- Hardcover: 542 pages
- Publisher: American Political Biography Press (June 1, 1998)
- Language: English
- ISBN-10: 0945707207
- ISBN-13: 978-0945707202
- Product Dimensions: 6.5 x 1.8 x 9.5 inches
- Shipping Weight: 2.3 pounds (View shipping rates and policies)
- Average Customer Review: 3 customer reviews
- Amazon Best Sellers Rank: #973,763 in Books (See Top 100 in Books)
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The Life & Times of William Howard Taft, Vol. 2
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A large part of the book involves the Taft-Roosevelt matter, from the 1910's through and after the election of 1912. Taft is portrayed as really trying to be the man of tact, and I have questions about the portrayal of everything by the author. But it is clear that this whole issue dominated Taft from the very start, when be was elected as being an heir to Roosevelt. And even after the defeat of 1912, the matter still lingered. But Taft felt no loss at not being President. After all, that was never his dream.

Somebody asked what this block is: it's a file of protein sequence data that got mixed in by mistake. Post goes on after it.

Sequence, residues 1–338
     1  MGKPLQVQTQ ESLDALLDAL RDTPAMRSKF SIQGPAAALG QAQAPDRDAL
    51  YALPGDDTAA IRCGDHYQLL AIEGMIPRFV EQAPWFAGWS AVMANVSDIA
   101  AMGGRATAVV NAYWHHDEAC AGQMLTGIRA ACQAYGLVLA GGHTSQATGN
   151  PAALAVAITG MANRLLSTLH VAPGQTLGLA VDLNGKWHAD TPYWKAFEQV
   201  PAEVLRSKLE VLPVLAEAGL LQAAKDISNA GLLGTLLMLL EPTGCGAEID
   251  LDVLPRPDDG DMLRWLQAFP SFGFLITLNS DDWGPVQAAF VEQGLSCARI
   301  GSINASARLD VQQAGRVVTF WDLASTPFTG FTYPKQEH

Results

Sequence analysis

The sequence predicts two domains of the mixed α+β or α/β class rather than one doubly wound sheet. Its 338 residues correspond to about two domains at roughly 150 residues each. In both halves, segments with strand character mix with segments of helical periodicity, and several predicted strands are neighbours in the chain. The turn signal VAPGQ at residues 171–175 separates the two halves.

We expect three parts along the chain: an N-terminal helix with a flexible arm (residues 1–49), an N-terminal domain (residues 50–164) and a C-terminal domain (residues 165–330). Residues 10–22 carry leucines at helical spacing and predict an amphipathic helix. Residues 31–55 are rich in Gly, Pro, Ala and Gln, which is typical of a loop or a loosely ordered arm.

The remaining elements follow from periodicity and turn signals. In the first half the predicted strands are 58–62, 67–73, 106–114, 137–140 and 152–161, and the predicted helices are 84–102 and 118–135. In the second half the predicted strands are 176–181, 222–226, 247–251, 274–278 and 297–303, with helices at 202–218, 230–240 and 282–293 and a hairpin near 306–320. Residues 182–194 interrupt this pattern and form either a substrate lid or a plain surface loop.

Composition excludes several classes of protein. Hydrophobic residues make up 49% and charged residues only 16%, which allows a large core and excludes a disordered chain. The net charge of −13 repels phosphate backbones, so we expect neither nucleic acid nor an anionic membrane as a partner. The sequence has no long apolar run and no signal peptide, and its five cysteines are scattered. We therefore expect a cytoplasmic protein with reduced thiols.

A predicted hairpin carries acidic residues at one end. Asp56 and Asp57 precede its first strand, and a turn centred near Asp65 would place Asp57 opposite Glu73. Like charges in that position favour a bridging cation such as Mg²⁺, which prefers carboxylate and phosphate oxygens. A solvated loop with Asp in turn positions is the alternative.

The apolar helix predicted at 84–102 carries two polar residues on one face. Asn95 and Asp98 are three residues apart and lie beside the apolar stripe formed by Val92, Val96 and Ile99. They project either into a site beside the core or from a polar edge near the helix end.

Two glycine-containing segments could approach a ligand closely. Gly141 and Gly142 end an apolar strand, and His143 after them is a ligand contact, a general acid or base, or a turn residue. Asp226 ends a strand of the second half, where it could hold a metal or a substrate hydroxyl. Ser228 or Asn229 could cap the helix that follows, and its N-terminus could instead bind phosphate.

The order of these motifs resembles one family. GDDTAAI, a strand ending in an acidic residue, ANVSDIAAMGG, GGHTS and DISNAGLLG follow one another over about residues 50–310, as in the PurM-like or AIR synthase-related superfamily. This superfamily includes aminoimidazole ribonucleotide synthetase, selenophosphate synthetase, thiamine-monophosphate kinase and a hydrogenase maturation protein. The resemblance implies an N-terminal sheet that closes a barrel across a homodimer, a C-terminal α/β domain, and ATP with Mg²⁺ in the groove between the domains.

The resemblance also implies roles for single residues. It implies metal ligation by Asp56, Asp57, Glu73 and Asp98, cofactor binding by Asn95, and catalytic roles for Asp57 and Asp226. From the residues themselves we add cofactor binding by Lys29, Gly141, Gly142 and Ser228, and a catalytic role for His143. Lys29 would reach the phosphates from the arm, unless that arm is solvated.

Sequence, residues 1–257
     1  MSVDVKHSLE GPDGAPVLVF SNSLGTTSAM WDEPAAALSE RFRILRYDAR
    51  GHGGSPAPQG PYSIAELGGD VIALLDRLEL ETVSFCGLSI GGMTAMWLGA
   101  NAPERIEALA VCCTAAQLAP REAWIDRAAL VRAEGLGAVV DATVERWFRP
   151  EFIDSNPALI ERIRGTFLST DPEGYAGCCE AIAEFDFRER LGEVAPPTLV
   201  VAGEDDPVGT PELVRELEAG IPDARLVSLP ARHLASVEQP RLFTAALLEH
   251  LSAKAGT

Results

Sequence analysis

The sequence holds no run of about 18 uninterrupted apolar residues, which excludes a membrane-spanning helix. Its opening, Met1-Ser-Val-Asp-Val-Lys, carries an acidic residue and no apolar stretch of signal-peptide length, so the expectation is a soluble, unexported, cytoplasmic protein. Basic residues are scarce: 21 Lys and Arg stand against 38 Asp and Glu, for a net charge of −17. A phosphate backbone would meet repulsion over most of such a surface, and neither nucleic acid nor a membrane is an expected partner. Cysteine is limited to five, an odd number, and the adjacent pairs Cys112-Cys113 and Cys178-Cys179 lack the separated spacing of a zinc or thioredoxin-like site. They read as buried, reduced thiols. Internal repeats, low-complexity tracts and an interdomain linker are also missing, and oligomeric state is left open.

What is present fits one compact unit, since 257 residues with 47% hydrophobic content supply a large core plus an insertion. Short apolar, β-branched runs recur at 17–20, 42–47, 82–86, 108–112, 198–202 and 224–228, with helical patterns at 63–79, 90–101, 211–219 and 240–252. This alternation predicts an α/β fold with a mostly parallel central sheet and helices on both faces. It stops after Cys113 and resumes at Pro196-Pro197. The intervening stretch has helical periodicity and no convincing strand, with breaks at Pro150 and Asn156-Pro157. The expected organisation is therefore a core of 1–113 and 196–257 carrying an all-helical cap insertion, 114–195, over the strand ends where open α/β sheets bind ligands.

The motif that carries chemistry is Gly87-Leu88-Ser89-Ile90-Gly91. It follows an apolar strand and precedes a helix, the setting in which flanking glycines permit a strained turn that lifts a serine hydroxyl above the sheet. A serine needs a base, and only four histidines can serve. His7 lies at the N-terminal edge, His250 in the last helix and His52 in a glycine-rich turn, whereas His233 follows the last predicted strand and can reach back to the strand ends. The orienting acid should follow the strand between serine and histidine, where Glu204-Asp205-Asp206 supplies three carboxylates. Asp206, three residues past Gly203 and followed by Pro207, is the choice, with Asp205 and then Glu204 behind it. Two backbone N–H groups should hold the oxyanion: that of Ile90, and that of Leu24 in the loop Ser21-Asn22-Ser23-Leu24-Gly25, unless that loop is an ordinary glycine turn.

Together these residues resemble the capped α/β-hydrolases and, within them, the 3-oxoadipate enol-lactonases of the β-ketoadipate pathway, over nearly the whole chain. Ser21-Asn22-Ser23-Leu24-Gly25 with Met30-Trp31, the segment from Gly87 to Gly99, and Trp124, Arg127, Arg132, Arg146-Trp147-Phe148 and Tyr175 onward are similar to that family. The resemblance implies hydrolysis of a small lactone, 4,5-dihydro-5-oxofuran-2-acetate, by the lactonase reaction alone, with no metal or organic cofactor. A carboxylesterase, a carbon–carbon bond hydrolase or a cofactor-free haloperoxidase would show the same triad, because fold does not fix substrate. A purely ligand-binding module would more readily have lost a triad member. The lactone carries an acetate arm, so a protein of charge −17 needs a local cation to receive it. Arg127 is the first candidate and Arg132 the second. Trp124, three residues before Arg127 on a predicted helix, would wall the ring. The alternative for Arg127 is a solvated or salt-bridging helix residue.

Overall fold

After defeat, Taft became a professor of Law at Yale, yet spent a large part of his time giving speeches. Considering all that was going on in the country at that time (i.e. WWI) there isn't much, but he did support the war effort. Perhaps a seminal event was when he was appointed to the National War Labor Board. Up to that point in his life, he really never knew what it was like to work in a factory. He did not seem to understand or appreciate that labor and management were not on equal footing. And as a judge (as outlined in Part I, he was quite pro-business in his rulings).
President Harding made his lifetime wish come true, when he got appointed as Chief Justice of the Supreme Court. And what many would likely not know, is at those time, the Supreme Court ruled on a tremendous number of mundane issue, even to the point of contract law on trivial issues. And there was a massive backlog of cases arising from actions the government took in the war effort. So Taft threw himself fully into the job, and his management ability played a huge role. And a law was passed (Judiciary act of February 13, 1925) which gave the Supreme Court discretion over which cases to take.
The book takes note of a number of major cases during Taft's time. Taft wanted as much as possible unanimous decisions, and chafed at the extremes of men like Brandeis who were too liberal for his tastes. Taft wanted a solid conservative bench.